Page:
What Will Taylor lacked in height, he compensated for in quickness when he hit the basketball court. During his freshman and sophomore years at Mercer Island High School (MIHS), the small hoopster earned the nickname Scooty for rapidly moving his body up and down the hardwood.
He gained some inches on his frame come junior year, but the nickname stuck.
Taylor was tight with his older sister, Kasey, who remembers Will as having a magnetic, funny and energetic personality. He was a loyal person who cared about his friends. Mix in being bold and stubborn, and that was Scooty in a nutshell.
At the age of 21, just a few months before graduating from Santa Clara University in northern California, Will died by suicide on March 4, 2017.
A year after Will’s death, Kasey and two fellow MIHS alumni launched The Scooty Fund to honor his life and legacy. The fund’s mission is to “promote, support and advance mental health and wellness in ways that enhance the lives and well-being of young people,” according to its site, which features the tagline, “There’s a WILL and a WAY.”
Kasey, who graduated from MIHS in 2011 — two years before Will received his MIHS diploma — explained that she and the other fund founders have also struggled with mental health.
“After the intense grief and shock of his death kind of wore off, we decided to start a nonprofit because we were finding that kind of the ways that we had been taught mental health in school weren’t effective, and that we were seeing a stigma when so many of our friends and our peers were going through similar mental health struggles,” Kasey said.
The Scooty Fund is a space where they can educate and support their peers, promote connection and let people know that it’s OK to discuss mental health.
Kasey and her friends found through their experiences that people were resistant to discuss their mental health issues because they feared showing weakness or vulnerability and felt “like other people have their lives going perfectly or at least better than what we feel like we have,” she said.
The current Sun Valley, Idaho, resident is the logistics coordinator for an art gallery while working toward receiving her master’s degree in clinical psychology to become a therapist. The 2015 Pomona College (California) graduate said her current studies have mostly stemmed from her fulfilling experience with The Scooty Fund.
Through their fundraising efforts, they’ve donated money this year toward a University of Washington research project on what factors affect suicidality in people ages 12-26. In past years, they’ve donated funds to the Hirsch Youth Suicide Prevention Center in Los Angeles, Forefront in Mercer Island and Seattle and The Jed Foundation to further develop their mental health curriculum in Seattle area schools.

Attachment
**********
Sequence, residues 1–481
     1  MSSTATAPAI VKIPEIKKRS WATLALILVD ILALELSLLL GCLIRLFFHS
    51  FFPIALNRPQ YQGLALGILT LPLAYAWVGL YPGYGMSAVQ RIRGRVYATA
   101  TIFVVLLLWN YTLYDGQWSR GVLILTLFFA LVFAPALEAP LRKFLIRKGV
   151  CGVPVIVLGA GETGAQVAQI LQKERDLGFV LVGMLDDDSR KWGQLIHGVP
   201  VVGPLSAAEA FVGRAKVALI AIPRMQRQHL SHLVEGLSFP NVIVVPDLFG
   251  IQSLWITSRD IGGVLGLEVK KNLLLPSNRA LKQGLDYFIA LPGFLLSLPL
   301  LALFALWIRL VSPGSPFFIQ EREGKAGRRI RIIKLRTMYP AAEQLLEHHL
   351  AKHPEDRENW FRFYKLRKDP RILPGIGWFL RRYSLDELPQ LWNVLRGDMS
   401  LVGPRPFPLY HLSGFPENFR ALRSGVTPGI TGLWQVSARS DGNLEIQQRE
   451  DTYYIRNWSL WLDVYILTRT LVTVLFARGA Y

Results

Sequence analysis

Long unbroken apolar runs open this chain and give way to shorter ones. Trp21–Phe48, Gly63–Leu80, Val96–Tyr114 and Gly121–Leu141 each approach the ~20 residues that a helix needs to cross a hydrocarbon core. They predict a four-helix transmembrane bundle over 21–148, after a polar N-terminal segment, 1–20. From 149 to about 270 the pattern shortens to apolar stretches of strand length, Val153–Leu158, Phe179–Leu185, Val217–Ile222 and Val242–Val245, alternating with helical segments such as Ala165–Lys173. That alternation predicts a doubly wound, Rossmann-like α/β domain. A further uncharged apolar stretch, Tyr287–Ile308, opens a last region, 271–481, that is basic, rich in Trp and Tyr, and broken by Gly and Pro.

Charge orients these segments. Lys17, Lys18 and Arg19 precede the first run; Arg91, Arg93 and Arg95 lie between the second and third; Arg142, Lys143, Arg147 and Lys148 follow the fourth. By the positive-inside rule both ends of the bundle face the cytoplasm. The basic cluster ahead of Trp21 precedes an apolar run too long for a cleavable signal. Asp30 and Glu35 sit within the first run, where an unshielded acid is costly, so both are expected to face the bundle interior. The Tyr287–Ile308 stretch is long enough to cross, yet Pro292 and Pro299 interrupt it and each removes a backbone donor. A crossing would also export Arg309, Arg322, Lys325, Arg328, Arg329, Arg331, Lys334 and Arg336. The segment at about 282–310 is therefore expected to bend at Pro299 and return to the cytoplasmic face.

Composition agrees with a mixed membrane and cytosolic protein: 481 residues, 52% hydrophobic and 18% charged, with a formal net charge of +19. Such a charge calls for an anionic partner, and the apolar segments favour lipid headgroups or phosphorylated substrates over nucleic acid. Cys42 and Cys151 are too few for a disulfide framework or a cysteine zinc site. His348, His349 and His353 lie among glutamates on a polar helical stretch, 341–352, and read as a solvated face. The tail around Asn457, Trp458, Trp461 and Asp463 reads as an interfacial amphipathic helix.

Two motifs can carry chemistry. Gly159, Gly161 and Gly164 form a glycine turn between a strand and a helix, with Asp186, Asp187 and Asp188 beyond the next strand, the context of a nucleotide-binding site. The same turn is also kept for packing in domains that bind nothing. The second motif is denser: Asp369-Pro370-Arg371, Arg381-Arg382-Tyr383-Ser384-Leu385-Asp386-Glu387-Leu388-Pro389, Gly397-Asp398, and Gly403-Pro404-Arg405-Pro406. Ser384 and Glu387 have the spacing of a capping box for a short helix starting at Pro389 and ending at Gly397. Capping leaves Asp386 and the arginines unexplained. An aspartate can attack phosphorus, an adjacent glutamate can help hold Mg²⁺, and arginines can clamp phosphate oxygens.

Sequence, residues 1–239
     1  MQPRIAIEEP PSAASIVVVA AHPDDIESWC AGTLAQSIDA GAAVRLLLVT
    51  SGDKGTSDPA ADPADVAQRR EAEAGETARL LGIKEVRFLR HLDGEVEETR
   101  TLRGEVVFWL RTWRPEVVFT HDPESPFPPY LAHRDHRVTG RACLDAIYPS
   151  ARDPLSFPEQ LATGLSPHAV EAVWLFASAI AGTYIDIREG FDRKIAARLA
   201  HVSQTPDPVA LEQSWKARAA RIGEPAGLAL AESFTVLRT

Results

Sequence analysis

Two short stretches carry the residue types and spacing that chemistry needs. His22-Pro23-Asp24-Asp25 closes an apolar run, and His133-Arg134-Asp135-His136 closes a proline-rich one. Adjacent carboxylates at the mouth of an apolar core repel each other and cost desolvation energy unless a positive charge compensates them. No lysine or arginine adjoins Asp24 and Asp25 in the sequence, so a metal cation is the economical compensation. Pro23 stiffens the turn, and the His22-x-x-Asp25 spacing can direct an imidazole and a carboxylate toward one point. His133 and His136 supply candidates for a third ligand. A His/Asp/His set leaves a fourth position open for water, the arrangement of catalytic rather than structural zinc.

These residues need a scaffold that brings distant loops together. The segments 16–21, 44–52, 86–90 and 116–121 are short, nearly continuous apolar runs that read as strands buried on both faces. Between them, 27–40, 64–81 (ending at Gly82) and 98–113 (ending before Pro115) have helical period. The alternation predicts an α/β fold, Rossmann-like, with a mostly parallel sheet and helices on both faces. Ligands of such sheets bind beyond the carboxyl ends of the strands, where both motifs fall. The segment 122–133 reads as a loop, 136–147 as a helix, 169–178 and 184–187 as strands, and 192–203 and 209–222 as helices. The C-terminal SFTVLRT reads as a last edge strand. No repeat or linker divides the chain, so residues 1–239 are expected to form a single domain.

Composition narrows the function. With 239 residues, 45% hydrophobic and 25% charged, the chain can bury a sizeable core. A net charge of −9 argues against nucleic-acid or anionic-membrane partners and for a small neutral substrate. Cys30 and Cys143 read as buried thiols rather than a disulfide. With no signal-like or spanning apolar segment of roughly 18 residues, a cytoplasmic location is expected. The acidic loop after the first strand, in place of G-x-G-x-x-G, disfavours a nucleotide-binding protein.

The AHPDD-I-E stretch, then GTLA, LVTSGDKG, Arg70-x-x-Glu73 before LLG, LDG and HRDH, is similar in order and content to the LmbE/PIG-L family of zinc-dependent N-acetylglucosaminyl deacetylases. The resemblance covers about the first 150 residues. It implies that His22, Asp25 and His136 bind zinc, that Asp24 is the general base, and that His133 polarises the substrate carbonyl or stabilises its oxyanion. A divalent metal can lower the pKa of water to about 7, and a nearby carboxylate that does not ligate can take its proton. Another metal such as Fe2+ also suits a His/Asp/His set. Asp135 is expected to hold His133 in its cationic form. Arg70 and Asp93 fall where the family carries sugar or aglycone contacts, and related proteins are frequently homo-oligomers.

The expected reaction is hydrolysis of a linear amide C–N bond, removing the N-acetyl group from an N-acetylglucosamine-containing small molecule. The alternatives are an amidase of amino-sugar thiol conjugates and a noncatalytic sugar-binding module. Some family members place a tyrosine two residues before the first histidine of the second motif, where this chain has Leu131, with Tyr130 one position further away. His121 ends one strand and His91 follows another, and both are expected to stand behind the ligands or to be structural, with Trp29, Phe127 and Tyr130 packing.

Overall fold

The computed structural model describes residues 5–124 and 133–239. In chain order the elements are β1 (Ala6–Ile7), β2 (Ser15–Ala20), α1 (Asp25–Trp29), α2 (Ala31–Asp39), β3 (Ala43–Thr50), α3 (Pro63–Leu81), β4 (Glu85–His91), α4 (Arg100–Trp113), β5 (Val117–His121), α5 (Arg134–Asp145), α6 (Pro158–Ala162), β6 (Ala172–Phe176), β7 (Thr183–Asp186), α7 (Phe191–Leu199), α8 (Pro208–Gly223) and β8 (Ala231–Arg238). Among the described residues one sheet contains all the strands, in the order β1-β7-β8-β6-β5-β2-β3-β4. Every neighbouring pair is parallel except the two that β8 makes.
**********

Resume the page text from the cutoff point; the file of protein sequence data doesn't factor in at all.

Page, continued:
The Island connection continues through some Scooty Fund work with the city’s Youth and Family Services (YFS) department and a fundraising event with the MIHS boys basketball team the winter before the pandemic hit. They’re in discussions with MIHS to present a panel presentation for all students in the fall or winter of 2021.
The fund — which is developing an app and a podcast — consists of a seven-member board and about 20 volunteers, many of whom are MIHS graduates.
The Scooty crew is also strong on the social media front, which includes giving a different young adult the reins to share their mental health experiences on the fund’s Instagram page each Wednesday.
“We have monthly themes that typically correspond like grief, anxiety, relationship issues so that people can see mental health through a different lens each month,” Kasey said.
Added Tara Nielson, fund co-founder/vice president: “The Scooty Fund is normalizing mental health conversations in a unique and important way. By using our platform to start these conversations, we have seen our community become more open about their own mental health journeys.”
Nielson was so deeply moved by being involved with the fund that she began law school at Seattle University and has a career goal of federally mandating mental health education in all K-12 schools. When she helped launch the fund, she was a high school math teacher and now she’s entering her third year of law school.
Kasey noted that a key aspect to enrich people’s lives is making sure their days are filled with sufficient amounts of food, sleep and exercise. Two important things she’s learned over the years is acceptance and negating black and white thinking.
“As I’ve gotten older, learning to take time to rest and kind of accept life as it comes, knowing that I can’t control a lot of things. Not thinking in extreme (that) I either need to be the best or I’m terrible, or fit this ideal or I’m a failure,” she said.
The Scooty Fund panel presentations — which have featured YFS counselors — are crucial as well, and they consist of three to four young adults and two or three mental health experts with topics ranging from suicidality to anxiety to depression to eating disorders. They’ve also presented small group seminars for young women on Mercer Island and in Calabasas, California.
“I’ve led both of those groups and it’s an open forum to answer any questions about mental health. I share a little bit about my story and impart some of the lessons that I’ve learned along the way. And it’s kind of a safe space,” Kasey said. “It’s actually been a huge part of my own healing, being able to feel like I’m helping other people.”
For more information, visit https://www.scootyfund.org.